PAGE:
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The surprising correlation between Facebook and unemployment

Google searches for “Facebook” correlate more closely with unemployment figures than any other search term.


Tim Sampson


Economists have long maintained that some business actually tend to thrive during recessions while the rest of the economy is reeling. Discount retailers, fast food restaurants, and repossession companies typically do well when more people are strapped for cash. Now, a new company may be joining that list: Facebook.

According to Bloomberg Businessweek, Google searches for “Facebook” correlate more closely with unemployment figures than any other search term.

Using Google Correlate, which allows users to see how the frequency of certain search terms stacks up against real-world trends and vice versa, Bloomberg decided to see which terms rise and fall with fluctuations in unemployment data.

Chart via Bloomberg Businessweek

What Bloomberg found was that more people out-of-work means that more individuals are searching for Facebook (usually in combination with an individual’s name). The connection is so strong that Facebook correlates with unemployment more than search terms that are actually germane to joblessness.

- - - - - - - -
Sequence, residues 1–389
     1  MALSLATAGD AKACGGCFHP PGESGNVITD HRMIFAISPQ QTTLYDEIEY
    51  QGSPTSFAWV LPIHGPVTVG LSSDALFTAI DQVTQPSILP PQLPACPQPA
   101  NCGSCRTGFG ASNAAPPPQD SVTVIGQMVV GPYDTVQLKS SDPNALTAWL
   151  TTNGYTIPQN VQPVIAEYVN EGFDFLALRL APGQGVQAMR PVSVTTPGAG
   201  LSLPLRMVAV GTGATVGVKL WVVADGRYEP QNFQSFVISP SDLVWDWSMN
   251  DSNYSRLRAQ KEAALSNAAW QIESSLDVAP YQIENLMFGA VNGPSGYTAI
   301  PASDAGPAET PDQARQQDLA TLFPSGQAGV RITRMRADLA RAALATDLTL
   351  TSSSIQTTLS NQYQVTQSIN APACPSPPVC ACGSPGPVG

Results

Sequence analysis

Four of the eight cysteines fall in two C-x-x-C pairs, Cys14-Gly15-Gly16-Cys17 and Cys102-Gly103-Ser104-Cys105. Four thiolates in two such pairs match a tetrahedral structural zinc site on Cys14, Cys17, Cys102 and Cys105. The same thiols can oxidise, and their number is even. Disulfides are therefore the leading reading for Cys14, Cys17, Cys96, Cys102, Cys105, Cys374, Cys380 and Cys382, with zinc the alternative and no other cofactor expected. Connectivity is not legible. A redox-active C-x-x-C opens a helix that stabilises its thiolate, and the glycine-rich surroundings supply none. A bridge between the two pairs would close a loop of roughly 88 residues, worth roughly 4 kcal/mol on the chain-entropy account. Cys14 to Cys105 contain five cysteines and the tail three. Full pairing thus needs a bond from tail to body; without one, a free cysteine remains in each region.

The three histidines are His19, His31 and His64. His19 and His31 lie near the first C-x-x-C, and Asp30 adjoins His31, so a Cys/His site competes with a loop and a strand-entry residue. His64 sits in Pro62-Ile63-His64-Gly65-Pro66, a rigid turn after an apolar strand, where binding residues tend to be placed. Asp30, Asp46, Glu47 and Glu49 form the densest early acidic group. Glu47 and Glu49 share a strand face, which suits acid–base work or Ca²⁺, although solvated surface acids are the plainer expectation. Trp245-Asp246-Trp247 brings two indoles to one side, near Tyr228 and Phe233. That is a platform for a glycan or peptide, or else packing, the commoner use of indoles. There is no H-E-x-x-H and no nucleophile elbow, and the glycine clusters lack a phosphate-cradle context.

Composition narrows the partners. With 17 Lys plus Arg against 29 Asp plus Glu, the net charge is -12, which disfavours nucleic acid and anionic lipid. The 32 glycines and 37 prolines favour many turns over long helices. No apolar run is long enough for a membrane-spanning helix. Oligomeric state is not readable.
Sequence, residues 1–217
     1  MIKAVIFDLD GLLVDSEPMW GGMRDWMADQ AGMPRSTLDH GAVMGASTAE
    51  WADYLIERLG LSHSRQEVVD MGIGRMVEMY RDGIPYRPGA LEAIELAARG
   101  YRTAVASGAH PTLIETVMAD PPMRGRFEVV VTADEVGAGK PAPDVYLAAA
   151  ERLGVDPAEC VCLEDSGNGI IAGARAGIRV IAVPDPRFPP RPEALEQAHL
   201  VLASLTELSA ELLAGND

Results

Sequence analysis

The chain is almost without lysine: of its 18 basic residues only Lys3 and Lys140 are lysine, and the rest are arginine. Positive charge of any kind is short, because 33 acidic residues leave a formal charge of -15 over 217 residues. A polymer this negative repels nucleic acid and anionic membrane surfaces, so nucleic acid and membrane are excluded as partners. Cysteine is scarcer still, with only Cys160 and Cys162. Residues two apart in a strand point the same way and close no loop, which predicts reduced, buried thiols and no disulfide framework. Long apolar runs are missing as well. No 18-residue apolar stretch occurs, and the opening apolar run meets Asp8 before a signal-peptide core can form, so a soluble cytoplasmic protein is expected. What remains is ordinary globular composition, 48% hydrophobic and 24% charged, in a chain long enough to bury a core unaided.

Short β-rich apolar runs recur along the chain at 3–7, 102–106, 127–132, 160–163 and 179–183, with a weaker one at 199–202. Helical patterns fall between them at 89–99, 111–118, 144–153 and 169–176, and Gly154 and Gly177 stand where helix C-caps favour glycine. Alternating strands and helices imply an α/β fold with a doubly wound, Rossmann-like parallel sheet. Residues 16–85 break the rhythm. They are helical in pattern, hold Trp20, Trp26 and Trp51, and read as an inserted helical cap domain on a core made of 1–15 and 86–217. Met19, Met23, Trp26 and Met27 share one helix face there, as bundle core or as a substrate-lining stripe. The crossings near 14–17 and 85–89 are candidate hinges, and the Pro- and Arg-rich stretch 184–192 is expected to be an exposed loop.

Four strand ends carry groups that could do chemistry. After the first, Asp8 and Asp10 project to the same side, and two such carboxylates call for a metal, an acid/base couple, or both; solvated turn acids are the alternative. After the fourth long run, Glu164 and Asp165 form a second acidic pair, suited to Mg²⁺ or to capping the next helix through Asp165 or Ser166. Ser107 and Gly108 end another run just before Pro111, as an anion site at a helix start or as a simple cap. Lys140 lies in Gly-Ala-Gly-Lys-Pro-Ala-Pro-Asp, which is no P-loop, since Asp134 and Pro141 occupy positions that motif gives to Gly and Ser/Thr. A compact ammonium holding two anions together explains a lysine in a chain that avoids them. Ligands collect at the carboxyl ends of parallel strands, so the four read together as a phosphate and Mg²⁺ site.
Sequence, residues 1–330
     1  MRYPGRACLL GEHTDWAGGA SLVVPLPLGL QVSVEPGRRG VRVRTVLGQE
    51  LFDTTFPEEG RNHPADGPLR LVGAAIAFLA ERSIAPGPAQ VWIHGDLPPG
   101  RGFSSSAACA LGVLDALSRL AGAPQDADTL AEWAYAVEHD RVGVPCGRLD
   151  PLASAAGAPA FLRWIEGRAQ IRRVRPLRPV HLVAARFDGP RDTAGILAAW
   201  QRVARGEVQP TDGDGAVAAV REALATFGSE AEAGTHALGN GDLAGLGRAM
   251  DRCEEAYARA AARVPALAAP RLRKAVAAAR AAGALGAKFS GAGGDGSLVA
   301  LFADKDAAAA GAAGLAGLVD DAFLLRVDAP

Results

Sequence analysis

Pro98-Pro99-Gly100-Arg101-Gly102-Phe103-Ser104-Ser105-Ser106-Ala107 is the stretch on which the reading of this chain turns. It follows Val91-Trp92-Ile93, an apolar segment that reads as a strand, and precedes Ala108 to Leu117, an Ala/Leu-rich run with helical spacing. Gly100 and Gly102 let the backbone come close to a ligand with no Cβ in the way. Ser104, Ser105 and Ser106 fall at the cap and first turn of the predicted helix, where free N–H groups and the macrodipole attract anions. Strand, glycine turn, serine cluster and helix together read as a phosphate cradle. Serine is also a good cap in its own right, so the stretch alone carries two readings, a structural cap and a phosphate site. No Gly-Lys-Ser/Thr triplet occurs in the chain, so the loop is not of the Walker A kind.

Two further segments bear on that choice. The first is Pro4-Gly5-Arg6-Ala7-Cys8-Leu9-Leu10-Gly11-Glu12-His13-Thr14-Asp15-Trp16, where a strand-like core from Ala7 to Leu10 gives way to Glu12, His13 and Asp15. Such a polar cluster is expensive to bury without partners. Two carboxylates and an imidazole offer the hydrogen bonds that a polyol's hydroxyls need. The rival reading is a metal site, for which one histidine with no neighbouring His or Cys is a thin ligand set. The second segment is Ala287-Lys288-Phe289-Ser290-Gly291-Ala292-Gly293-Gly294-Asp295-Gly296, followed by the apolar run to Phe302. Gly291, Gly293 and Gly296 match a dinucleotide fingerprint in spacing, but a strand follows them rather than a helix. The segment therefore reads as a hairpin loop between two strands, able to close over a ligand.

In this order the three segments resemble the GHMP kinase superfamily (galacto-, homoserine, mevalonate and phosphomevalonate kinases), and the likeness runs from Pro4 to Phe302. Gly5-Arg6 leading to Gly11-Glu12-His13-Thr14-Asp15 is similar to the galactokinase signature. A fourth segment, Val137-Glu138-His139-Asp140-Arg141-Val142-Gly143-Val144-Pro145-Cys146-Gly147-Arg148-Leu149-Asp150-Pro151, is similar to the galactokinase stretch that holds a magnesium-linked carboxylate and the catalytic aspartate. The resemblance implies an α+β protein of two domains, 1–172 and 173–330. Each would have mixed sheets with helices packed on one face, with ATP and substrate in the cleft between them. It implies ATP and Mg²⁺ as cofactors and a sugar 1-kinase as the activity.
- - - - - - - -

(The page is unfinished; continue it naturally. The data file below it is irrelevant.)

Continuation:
The reason for this connection is unconfirmed, but Bloomberg provides reasonable speculation:

“It’s hard to say exactly what’s going on here. It seems reasonable that more unemployed people suggests more time spent surfing the Web, whether to kill time or to connect with anyone and everyone who might help them find a job, but it’s still surprising that Facebook is far and away the most correlated search—far more than ‘unemployment,’ ‘résumé,’ or ‘work.’”

The finding comes at a time of modest gains in the job market. According to numbers released today by the Labor Department, the number of unemployment benefit claims dropped 15,000 last week to a seasonally adjusted rate of 330,000. It’s a sign of steady job growth and fewer layoffs. In the last month, the average number of weekly unemployment claims decreased by 9,750.

Photo by Troy Granger/Flickr

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